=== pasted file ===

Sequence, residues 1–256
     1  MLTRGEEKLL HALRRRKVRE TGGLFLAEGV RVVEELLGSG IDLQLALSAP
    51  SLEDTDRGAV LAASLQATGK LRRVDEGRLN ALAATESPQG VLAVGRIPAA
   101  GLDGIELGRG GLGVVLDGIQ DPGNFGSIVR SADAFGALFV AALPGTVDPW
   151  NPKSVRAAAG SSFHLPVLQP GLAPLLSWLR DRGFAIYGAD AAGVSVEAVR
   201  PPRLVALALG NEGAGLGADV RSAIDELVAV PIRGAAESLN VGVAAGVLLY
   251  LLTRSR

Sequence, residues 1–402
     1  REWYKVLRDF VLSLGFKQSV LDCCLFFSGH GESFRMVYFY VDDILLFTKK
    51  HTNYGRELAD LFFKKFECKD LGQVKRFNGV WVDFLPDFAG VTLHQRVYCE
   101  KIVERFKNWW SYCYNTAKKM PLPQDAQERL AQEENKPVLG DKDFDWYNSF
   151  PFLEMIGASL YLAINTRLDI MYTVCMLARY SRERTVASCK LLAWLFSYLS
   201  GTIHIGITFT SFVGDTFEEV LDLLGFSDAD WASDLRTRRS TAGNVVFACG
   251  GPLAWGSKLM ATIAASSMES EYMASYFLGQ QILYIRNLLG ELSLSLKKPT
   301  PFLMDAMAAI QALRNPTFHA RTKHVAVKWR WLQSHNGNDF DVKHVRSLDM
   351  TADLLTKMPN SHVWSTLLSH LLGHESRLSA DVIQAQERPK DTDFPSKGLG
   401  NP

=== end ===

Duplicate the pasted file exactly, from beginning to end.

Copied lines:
Sequence, residues 1–256
     1  MLTRGEEKLL HALRRRKVRE TGGLFLAEGV RVVEELLGSG IDLQLALSAP
    51  SLEDTDRGAV LAASLQATGK LRRVDEGRLN ALAATESPQG VLAVGRIPAA
   101  GLDGIELGRG GLGVVLDGIQ DPGNFGSIVR SADAFGALFV AALPGTVDPW
   151  NPKSVRAAAG SSFHLPVLQP GLAPLLSWLR DRGFAIYGAD AAGVSVEAVR
   201  PPRLVALALG NEGAGLGADV RSAIDELVAV PIRGAAESLN VGVAAGVLLY
   251  LLTRSR

Sequence, residues 1–402
     1  REWYKVLRDF VLSLGFKQSV LDCCLFFSGH GESFRMVYFY VDDILLFTKK
    51  HTNYGRELAD LFFKKFECKD LGQVKRFNGV WVDFLPDFAG VTLHQRVYCE
   101  KIVERFKNWW SYCYNTAKKM PLPQDAQERL AQEENKPVLG DKDFDWYNSF
   151  PFLEMIGASL YLAINTRLDI MYTVCMLARY SRERTVASCK LLAWLFSYLS
   201  GTIHIGITFT SFVGDTFEEV LDLLGFSDAD WASDLRTRRS TAGNVVFACG
   251  GPLAWGSKLM ATIAASSMES EYMASYFLGQ QILYIRNLLG ELSLSLKKPT
   301  PFLMDAMAAI QALRNPTFHA RTKHVAVKWR WLQSHNGNDF DVKHVRSLDM
   351  TADLLTKMPN SHVWSTLLSH LLGHESRLSA DVIQAQERPK DTDFPSKGLG
   401  NP